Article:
Stocks rose on Tuesday as a solid profit from Caterpillar Inc overcame some uneasiness about the company's outlook for the current quarter, but the gains were limited as some investors paused following the recent earnings-fueled run-up.

Trading was choppy, with the broader market initially charging higher after the open and the benchmark S&P 500 <.SPX> hitting a fresh 2009 intraday high as it extended its rebound from the 12-year closing low of early March.

A late push helped the Nasdaq eke out a small gain for its 10th straight winning session, the longest in 12 years.

With Apple Inc , the maker of the iPhone, posting a stronger-than-expected profit after the bell and its stock rising 3.4 percent in late trade, Wednesday could be another banner day for the Nasdaq.

Drugmaker Merck & Co , a Dow component, was among bellwethers with encouraging profit reports on Tuesday.

But that profit optimism collided with a dose of reality as heavy equipment maker Caterpillar, another Dow component, warned the current quarter could be tough.

In addition, U.S. Federal Reserve Chairman Ben Bernanke said in testimony before a congressional panel that mounting joblessness, slumping home values and tight credit were likely to curb consumer spending -- a major driver of U.S. economic growth and corporate profits.

People can get a bit euphoric with a couple of positive economic numbers and earnings ... but you're going to have to see how this pans out over the long term, said Stephen Carl, principal and head of U.S. equity trading at The Williams Capital Group in New York.

I think you do a little profit-taking now, go through the summer and see how the rest of second-quarter earnings come out, and then kind of ascertain what's going on after that.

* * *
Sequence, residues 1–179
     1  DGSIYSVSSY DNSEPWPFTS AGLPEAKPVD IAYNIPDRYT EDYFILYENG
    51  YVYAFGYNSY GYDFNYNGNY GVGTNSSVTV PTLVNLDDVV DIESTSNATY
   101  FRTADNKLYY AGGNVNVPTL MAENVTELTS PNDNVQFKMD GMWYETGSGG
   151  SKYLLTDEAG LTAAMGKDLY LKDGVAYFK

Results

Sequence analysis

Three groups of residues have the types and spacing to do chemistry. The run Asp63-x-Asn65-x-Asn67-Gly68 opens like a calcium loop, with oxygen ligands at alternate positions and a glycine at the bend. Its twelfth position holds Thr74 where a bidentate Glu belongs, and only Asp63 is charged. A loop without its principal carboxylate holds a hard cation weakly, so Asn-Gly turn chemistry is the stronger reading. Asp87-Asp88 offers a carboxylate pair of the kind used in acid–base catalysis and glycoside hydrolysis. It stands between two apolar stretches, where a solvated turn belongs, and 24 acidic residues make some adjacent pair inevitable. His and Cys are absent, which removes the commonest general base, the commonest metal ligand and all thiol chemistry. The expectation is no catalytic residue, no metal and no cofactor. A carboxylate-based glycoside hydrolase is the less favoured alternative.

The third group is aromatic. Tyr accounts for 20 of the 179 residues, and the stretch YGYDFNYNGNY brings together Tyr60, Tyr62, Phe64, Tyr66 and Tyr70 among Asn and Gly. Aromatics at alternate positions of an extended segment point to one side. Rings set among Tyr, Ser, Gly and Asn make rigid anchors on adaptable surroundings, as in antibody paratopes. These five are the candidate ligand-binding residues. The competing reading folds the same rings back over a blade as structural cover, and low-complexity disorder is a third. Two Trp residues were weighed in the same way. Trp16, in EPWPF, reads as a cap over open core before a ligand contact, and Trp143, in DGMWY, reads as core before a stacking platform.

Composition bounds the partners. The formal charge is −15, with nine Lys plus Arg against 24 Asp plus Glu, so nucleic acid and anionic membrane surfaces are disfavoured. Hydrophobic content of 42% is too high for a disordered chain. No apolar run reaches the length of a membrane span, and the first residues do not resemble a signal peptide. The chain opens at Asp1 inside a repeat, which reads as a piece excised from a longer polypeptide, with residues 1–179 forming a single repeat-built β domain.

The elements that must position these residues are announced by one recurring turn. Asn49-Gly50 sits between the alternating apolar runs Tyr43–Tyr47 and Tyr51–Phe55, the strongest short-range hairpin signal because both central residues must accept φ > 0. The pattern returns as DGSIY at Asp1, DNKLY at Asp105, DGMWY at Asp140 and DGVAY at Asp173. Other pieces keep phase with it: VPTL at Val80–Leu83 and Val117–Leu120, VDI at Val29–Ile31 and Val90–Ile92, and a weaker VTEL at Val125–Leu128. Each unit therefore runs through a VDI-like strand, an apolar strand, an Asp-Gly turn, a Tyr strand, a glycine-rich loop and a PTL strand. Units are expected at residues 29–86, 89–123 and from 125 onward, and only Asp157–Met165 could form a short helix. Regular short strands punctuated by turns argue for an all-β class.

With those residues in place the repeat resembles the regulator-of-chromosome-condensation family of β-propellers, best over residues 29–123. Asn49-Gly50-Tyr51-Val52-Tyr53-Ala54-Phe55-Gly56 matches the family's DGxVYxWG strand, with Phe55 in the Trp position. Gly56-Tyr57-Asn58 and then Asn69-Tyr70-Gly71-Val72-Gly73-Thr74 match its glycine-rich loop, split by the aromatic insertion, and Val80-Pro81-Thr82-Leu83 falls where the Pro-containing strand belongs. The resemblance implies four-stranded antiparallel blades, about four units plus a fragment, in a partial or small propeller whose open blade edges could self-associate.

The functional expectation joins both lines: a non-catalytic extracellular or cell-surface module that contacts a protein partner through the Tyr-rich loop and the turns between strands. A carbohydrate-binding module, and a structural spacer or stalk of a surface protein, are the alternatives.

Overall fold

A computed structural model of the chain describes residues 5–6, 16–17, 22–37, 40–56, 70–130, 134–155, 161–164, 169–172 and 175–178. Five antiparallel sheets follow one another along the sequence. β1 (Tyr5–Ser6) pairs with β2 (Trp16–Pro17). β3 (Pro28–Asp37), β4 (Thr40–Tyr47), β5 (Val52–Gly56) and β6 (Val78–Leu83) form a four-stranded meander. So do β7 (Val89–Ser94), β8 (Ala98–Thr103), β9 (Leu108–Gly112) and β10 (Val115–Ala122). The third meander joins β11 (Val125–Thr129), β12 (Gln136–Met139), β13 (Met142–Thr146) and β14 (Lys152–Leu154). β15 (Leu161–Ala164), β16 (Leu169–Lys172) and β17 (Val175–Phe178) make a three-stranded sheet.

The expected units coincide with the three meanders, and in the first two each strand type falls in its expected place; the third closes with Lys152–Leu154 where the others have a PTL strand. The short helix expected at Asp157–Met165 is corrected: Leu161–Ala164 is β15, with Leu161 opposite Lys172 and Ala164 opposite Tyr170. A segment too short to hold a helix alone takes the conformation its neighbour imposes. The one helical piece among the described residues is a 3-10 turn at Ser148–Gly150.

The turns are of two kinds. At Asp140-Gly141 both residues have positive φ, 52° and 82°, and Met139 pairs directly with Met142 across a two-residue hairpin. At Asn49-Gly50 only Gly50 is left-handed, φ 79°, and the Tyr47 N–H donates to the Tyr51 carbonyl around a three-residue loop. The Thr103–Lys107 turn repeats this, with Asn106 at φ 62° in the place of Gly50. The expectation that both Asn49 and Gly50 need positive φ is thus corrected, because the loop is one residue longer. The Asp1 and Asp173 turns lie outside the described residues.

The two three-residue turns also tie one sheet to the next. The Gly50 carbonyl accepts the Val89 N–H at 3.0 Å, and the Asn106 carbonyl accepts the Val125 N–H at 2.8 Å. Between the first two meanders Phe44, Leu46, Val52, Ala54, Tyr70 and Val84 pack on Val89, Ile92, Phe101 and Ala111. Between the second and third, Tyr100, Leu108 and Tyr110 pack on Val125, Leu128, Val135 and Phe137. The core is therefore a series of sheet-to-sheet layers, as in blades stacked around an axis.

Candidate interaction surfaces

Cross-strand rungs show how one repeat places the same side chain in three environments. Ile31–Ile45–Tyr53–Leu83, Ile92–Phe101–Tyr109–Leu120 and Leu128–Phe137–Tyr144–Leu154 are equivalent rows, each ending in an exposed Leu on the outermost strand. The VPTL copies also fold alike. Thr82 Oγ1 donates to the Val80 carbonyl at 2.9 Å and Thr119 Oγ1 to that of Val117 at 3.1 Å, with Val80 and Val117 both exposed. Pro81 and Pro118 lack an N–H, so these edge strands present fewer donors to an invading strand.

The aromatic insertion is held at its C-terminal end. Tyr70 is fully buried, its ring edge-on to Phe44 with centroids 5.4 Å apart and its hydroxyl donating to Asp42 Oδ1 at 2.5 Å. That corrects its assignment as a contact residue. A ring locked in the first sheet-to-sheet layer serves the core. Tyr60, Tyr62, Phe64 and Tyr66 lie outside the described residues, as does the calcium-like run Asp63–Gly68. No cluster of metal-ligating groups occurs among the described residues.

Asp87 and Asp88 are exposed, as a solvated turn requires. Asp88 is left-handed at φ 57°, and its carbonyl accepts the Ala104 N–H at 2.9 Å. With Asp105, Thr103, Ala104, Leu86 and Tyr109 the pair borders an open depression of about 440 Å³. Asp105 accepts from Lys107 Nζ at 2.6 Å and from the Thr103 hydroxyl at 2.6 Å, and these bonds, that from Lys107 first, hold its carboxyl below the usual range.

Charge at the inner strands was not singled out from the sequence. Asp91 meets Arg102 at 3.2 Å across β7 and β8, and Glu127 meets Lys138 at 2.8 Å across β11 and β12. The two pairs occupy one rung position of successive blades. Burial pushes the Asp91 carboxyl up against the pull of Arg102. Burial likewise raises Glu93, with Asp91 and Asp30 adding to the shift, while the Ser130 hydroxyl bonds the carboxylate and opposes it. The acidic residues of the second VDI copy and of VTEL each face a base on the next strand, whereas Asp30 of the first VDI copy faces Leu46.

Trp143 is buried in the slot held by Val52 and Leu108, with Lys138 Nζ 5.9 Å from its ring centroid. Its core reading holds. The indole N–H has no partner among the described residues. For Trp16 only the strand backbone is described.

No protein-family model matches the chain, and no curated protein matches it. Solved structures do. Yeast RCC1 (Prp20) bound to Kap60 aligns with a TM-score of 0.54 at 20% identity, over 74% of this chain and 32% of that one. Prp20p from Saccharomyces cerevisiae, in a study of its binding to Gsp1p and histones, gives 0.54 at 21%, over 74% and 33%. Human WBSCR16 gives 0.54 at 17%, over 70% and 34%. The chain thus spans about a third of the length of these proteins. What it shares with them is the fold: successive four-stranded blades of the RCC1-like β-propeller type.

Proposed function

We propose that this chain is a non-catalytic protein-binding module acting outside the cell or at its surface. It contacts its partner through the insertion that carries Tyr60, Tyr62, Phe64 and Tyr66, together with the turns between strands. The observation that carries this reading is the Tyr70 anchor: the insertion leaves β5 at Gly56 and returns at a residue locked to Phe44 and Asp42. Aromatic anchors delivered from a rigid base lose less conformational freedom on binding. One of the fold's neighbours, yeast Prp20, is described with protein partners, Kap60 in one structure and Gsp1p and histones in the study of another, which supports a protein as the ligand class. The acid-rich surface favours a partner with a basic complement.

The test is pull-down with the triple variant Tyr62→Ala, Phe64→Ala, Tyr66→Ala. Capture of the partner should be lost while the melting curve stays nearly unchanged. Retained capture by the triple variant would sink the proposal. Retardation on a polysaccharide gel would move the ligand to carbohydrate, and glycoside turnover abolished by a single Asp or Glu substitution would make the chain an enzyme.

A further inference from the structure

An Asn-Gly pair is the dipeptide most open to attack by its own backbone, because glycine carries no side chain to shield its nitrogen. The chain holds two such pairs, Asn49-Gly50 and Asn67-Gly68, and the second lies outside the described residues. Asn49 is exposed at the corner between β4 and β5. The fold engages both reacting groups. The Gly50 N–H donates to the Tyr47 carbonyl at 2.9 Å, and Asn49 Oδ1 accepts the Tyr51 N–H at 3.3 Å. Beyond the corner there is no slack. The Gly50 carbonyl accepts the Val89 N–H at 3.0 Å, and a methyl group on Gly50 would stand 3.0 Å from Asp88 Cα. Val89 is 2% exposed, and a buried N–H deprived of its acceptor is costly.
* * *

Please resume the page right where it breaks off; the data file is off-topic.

The Dow Jones industrial average <.DJI> gained 67.79 points, or 0.77 percent, to 8,915.94. The Standard & Poor's 500 Index <.SPX> rose 3.45 points, or 0.36 percent, to 954.58. The Nasdaq Composite Index <.IXIC> added 6.91 points, or 0.36 percent, to 1,916.20 -- a closing high for the year.


The S&P 500 is now up 41 percent from the 12-year closing low of March 9.

Shares of Caterpillar, up 7.8 percent at $39.46, provided the Dow's top boost, but finished below the day's high after the company said it expected the third quarter to be the year's weakest and extremely challenging.

Merck said second-quarter earnings fell, hurt by lower sales of its cholesterol drugs, but income from partnerships and a rebound in sales of asthma drug Singulair helped the drugmaker beat profit forecasts. The stock, up 6.1 percent at $29.65, ranked as the Dow's second-biggest advancer. The pharmaceuticals index <.DRG> was up 1.6 percent.

But shares of United Technologies Corp , a diversified manufacturer, fell 1.8 percent to $53.97 after it posted a 23 percent drop in profit and lowered its 2009 outlook.

On Nasdaq, shares of iPod and iPhone maker Apple Inc were the top drag, falling 0.9 percent to $151.60 ahead of its quarterly results. After the bell, Apple posted a quarterly profit that topped forecasts, driving its stock up more than 3 percent to $156.72.


Troubled lender CIT Group Inc warned on Tuesday it could still file for bankruptcy if debt swap failed, one day after securing $3 billion in emergency financing from its bondholders. Its stock sank 21.6 percent to end at 98 cents on the New York Stock Exchange.

Also on the defensive were shares of Regions Financial Corp and Comerica Inc , two large U.S. regional banking companies. Both posted second-quarter losses as a deteriorating commercial property market caused bad loans to soar. Regions' stock slid 15.4 percent to $3.42. Comerica's stock lost 10.1 percent to $20.51.

In regulatory news, the U.S. Treasury Department sent to Congress a draft bill that would curb the power of credit ratings agencies.

Moody's Corp shares dropped 6.3 percent to $26.80, and shares of McGraw-Hill Cos , which owns Standard & Poor's, fell 1.5 percent to $32.55.

Volume was moderate on the New York Stock Exchange, with 1.21 billion shares changing hands, below last year's estimated daily average of 1.49 billion. On the Nasdaq, about 2.28 billion shares traded, matching last year's daily average.

Advancing stocks outnumbered declining ones on the NYSE by a ratio of about 8 to 7, while on the Nasdaq, the opposite trend prevailed: About five stocks fell on Nasdaq for every three that rose.

(Editing by Jan Paschal)